Bringing in an outside consultant will greatly increase the odds that you will make the best choice. Their business depends upon knowing the differences between the vendors, and making sure you only look at those who represent a good fit. I know it sounds self-serving to mention getting outside help. But that doesn’t take away from the fact that it’s a smart thing to do.
3.Use a scorecard and make your decisions for the right reasons
Just the other day I talked with a vendor. They were back pitching a prospect they had pitched the year before and finished second.
The winner of that RFP had been the personal favorite of a VP who imposed his will on the entire process. Predictably the team using the platform hated his choice, as did IT. Of course, the VP has long since left the company. So just a few months after the migration to the new vendor, here they were again looking at their options.
There are always going to be people involved in an RFP process who have favorites going into the RFP. That’s normal, and there are a lot of reasons why a particular ESP might be someone’s favorite. And look at it from different angles, like procurement, IT, marketing.
But it becomes a problem when the person with a favorite ESP can drive the decision in a particular direction (like the unhappy brand mentioned above).
Using a scorecard
The best way to prevent a new ESP selection based on the wrong reasons is to use a scorecard driven process that allows for direct, side by side comparisons of the competing vendors.
Use scorecards that cover features and functionality, services, and pricing. This has two key benefits.
First, if everyone’s scores are treated equally, a single person can’t drive the outcome. So even if someone strongly supports one of the ESPs in your review, he or she can’t force that decision.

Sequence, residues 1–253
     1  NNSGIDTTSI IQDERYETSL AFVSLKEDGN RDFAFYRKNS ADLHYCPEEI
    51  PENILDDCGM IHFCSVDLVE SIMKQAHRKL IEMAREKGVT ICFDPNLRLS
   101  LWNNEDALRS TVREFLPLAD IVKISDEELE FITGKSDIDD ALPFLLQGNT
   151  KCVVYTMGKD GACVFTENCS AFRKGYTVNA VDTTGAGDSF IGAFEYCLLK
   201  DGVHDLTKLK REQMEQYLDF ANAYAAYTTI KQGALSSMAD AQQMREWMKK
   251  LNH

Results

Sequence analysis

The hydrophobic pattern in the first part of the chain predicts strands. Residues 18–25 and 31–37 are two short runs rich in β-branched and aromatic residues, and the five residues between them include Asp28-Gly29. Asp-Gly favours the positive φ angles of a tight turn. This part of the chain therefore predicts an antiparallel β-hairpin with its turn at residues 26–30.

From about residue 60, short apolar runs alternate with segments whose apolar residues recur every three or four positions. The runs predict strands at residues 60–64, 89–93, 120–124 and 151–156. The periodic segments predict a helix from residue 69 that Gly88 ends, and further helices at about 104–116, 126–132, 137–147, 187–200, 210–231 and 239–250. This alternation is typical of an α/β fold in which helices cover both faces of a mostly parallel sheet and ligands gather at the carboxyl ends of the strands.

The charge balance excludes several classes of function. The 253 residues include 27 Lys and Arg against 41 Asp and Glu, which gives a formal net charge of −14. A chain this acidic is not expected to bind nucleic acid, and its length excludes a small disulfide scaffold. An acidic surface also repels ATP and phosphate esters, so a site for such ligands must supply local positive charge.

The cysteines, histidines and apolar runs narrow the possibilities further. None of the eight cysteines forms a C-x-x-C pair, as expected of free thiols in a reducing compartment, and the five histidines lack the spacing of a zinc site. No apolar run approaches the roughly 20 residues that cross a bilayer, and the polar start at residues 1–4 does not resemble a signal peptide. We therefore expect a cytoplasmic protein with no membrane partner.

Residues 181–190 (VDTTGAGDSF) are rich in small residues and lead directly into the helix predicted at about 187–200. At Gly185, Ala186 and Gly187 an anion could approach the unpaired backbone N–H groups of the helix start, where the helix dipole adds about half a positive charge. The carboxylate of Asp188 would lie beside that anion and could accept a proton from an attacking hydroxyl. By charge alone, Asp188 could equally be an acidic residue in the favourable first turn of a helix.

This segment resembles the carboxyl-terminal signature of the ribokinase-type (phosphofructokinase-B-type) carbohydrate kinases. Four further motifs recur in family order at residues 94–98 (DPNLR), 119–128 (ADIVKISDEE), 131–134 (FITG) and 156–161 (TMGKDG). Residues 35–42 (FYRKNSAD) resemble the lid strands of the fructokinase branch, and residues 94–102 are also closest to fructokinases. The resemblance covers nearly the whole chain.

Second, it allows for the input of everyone on your team who wants a say in the decision. If everyone is responsible for the vendor selected, then everyone has a stake in making sure it works out. And trust me, that is a very good thing!
4. Complete your RFP and come to a decision
The road to a great new vendor relationship is littered with the corpses of RFPs that never made it across the finish line. There are so many reasons why an RFP doesn’t come to a conclusion, but the result is the same. Nobody is happy – even the brand involved – when an RFP never gets concluded and a new vendor doesn’t get selected.
Here’s a partial list of reasons why an RFP might never come to a conclusion.
- running out of time and having to sign an extension with your existing vendor,
- reaching a point where you don’t have any good options
- no one has the energy to continue
You’ve got a day job, and RFPs take up a lot of time. This is where consultants can be useful, doing most of the heavy-lifting for you.
Don’t lose sight of the reason you started
Sometimes the RFP has dragged on so long that no one remembers why it was started in the first place. Maybe the person who started it isn’t even with the company any longer! If you’re not going to finish your RFP, put it out of its misery, and make sure you tell the participating vendors that it’s over.
The worst thing a brand can do in these cases is to pretend that nothing happened to begin with, leaving the participating vendors in the dark about what decisions did or did not get made. But the point is, don’t let things get that far.
Keep pushing through to a decision. There’s a reason you started the RFP process in the first place – don’t lose sight of it!
Even if that means backtracking a little to make sure you are evaluating the right platforms on the right features and functionality for your unique needs.
The only ones who like unfinished or unending RFPs are the incumbents, who get to keep the business without making huge price concessions. They’ve realized you aren’t moving, and have no reason to cut pricing to keep you on board.
5. Understand what you absolutely need in your contract (and what you don’t).
There are too many unknowns on both sides when you enter into a contract with a new ESP to hope you can actually get everything 100% right at the outset. So you should focus on what you absolutely must get right. The list is short: